Measures to cut carbon emissions must have teeth to succeed, says Brock University climatologist Anthony Shaw.
“We need to have effective monitoring, reporting and verification protocols,” says Shaw, professor in the Department of Geography. “We must know the amount of carbon that industries are putting out. We need to have industry-approved instrumentation to collect data and the data have to be verified and publicly available.”
“And the government must take action against defaulters through imposing hefty fines and other penalties.”
Shaw calls Ontario’s recent budget a “good first step” in reducing the province’s greenhouse gas emissions, a major contributor to climate change.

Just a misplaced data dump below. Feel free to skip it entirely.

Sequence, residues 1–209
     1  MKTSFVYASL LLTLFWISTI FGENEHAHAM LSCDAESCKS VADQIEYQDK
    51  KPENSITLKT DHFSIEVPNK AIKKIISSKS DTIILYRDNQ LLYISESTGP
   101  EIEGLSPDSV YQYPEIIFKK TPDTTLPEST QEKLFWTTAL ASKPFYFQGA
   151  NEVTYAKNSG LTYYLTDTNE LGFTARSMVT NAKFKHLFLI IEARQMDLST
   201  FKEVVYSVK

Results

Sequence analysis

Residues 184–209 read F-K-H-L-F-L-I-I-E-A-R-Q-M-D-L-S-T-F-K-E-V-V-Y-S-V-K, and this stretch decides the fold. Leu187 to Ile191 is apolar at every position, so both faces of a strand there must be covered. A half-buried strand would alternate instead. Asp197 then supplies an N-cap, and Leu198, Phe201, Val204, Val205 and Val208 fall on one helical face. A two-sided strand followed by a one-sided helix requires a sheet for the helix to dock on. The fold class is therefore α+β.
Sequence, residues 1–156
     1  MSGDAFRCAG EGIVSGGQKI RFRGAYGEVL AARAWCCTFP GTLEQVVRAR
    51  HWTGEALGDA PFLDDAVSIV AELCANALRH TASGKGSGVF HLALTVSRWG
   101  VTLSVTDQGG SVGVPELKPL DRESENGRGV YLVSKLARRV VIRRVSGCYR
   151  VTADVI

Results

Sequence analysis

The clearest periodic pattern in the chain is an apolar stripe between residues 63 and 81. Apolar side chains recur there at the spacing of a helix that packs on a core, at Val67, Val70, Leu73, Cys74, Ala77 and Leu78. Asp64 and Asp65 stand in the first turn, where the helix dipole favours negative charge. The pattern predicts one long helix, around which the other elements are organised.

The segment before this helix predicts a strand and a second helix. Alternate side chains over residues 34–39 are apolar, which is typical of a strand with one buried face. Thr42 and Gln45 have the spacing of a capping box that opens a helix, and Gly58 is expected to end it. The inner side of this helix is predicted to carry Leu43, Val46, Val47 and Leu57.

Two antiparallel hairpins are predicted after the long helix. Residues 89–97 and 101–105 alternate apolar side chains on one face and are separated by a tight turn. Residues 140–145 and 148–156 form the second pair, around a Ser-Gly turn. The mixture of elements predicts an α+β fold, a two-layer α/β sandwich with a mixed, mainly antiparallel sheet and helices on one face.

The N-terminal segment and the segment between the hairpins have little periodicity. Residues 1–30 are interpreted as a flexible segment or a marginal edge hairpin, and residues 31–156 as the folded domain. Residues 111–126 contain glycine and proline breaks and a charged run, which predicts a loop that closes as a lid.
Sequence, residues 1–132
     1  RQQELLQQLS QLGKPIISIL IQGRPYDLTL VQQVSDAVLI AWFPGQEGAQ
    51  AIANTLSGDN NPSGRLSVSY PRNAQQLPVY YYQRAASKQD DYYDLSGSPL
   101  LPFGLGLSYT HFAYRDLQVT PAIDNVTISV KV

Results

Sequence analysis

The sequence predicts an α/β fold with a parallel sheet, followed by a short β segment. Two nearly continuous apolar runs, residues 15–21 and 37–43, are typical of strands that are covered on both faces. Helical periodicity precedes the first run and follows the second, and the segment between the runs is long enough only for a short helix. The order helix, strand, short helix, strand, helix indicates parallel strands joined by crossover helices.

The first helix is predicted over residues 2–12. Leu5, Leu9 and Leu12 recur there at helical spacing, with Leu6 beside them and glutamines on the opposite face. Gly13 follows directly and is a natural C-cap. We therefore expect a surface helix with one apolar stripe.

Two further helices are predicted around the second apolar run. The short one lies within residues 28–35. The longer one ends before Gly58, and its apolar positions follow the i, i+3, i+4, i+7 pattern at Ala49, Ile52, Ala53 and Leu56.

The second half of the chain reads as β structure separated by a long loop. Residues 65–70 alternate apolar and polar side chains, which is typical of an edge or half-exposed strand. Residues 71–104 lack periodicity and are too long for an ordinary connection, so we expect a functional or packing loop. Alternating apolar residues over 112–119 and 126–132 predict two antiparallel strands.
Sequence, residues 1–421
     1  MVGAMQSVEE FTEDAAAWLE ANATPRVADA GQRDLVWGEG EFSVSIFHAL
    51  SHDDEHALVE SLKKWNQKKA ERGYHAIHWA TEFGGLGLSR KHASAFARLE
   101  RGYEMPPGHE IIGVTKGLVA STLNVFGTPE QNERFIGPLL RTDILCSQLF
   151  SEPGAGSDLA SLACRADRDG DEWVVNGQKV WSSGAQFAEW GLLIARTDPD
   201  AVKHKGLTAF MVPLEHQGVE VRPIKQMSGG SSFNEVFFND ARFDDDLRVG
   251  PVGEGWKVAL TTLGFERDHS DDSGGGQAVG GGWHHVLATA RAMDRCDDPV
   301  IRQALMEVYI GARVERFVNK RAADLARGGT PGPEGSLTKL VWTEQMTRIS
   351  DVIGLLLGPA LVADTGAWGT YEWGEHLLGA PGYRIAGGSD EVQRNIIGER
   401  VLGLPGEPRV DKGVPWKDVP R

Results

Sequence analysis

“Ultimately, the program must go hand in hand with improved technology to reduce emissions along with other strategies to reduce our reliance on fossil fuels and energy conservation measures in commercial and residential buildings.”
The 2016 budget sets out Ontario’s “cap-and-trade” plan under which various industries are allocated a certain number of carbon allowances. They can purchase or sell allowances according to their emissions targets, with the province placing a limit on the total amount of emissions overall.
The plan also includes a consumer carbon tax in the form of increased gas and energy prices.
Shaw cautions that the price of allowances needs to be just right. Too-high prices might result in industry “leakage” where businesses pack up and move to countries with lax policies.
If prices are too low, “then there is no real incentive for industries to reduce their emission and sell these allowances if they’re only going to earn a small amount of income from these sales,” says Shaw.